Technical Paper
2008-10-07
Juliano Fujioka Mologni, Jose Pissolato Filho, Frank Kenji Goto, Didimo Neto, Marcelo Machado Fernandes, Antonio Cesar Rosati, Helio Maciel
Reduce the overall cost of the vehicle and at the same time introduce innovative features to meet the growing costumer demand is one of the challenges noticed on most automotive companies. Due to the falling price of electronics, multimedia and audio features are becoming popular even on A and B entry vehicles. The introduction of multiplex techniques to reduce wiring content is becoming unavoidable and automotive standards like Local Interconnect Network (LIN) and Controller Area Network (CAN) will eventually be introduced on emerging market vehicles. Besides the cost reduction factor, electromagnetic interference (EMI) constraints rises and must be considered during the design of the electrical / electronic architecture (EEA). One of the most common failure mode observed on network systems regarding EMI is the effect known as crosstalk. The crosstalk phenomenon is the undesirable coupling of energy of one line to another, and causes degradation on the data network. Impedance matching network, grounding topology, harness routing and design, network physical layer and bandwidth are factors that strongly influence the performance of the data network.
Technical Paper
2008-10-07
Juliano Fujioka Mologni, Frank Kenji Goto, Didimo Garcia Neto, Marco Antonio Robert Alves, Edmundo da Silva Braga, Douglas de Freitas Takeuti, Ricardo da Silva Braga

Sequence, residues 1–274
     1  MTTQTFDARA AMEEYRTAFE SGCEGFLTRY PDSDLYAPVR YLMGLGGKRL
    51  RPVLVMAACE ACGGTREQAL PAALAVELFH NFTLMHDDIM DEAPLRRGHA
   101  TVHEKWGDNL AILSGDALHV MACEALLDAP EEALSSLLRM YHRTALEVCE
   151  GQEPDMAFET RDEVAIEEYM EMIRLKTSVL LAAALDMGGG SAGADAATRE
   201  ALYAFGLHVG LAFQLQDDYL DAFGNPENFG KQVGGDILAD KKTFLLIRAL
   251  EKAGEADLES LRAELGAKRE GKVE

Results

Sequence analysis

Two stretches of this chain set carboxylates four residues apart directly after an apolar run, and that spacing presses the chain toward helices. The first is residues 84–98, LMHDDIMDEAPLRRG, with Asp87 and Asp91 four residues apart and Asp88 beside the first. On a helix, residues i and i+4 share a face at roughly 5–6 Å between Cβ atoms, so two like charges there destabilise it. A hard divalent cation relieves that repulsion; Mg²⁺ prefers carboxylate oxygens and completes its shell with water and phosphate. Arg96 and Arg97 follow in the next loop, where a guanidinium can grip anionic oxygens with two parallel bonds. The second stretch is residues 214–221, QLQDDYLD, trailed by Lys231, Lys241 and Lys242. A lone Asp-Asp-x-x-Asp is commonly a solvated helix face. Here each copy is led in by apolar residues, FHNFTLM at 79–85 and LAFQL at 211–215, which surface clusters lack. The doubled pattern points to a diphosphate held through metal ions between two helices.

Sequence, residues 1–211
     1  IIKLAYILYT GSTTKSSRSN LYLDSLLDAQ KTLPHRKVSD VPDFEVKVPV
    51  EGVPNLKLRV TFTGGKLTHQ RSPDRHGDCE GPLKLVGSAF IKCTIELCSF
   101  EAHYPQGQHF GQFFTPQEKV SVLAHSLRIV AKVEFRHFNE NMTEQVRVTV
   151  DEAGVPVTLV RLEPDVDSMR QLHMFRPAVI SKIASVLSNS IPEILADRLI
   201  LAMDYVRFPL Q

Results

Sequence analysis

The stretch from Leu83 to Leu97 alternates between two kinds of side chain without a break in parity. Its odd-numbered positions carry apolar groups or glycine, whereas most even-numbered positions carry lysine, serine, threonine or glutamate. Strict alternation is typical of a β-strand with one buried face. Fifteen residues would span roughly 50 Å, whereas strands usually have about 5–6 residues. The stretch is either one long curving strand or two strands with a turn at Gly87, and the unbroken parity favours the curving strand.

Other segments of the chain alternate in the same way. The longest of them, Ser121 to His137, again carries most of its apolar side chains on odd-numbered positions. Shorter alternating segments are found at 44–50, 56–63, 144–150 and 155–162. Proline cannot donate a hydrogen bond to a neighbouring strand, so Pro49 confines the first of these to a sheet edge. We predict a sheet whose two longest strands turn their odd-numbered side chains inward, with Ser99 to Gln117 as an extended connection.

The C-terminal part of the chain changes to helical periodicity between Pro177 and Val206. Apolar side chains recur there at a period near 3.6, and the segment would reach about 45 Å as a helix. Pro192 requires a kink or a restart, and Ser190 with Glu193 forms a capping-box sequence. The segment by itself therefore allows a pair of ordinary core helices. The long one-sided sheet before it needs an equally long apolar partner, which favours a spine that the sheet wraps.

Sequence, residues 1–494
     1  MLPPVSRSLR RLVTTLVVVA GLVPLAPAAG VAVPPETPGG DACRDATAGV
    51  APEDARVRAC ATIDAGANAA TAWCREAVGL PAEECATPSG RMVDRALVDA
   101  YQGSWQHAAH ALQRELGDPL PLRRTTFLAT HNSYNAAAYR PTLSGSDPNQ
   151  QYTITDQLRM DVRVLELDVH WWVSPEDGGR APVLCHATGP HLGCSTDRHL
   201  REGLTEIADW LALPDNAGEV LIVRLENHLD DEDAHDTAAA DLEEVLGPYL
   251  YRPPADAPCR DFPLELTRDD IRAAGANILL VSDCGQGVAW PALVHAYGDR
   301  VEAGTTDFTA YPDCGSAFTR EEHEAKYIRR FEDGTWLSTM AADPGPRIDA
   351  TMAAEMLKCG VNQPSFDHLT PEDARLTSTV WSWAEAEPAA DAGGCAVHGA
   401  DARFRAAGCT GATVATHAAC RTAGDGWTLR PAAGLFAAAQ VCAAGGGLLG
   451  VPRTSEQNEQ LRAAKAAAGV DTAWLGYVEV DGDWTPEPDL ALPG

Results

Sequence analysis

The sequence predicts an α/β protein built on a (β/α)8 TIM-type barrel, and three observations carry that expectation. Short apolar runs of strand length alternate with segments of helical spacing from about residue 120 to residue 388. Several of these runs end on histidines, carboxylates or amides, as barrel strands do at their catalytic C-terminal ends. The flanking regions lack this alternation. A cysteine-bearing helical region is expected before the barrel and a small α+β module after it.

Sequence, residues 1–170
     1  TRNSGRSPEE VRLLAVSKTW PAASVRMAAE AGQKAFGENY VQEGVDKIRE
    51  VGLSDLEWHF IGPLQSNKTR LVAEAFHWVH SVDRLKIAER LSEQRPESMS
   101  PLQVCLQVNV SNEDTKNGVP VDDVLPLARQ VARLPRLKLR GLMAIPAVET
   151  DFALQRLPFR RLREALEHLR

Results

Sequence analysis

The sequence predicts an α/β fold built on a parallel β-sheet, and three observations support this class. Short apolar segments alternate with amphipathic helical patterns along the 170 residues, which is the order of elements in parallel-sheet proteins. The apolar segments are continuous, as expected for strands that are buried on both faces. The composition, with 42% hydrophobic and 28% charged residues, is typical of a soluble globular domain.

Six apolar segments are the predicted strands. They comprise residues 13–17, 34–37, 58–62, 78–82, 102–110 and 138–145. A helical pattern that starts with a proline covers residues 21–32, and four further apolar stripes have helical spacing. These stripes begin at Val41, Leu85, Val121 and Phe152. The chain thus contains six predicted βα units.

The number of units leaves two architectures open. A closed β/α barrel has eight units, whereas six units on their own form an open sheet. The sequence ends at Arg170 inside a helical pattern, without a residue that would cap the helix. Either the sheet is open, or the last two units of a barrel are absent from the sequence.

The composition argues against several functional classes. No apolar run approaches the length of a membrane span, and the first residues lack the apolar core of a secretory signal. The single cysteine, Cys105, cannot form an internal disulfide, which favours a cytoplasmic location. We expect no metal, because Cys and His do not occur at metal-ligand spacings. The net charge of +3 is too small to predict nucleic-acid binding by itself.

The Nanotechnology has become one of the most promising fields of research for the past few decades. The ability to control matter and systems on nanoscale (having at least one dimension smaller than 100nm) was enabled by the invention of advanced technologies like the Scanning Tunneling Microscope (STM) that allowed the atomic size resolution possible. The link between the micro and atomic-scales creates the capability to produce nanoelectrical-mechanical systems (NEMS) that presents unique properties never seen on the macro world before. The automotive industry is already investigating these new properties and their benefits, and future automotive applications are already being projected. The present automotive electrical / electronic architecture (EEA) comprises many technological fields, including (but not limited to) electron current flow and modulation, semiconductor devices, electromagnetic compatibility, sensors, actuators, illumination systems, data communication network and polymeric high temperature materials.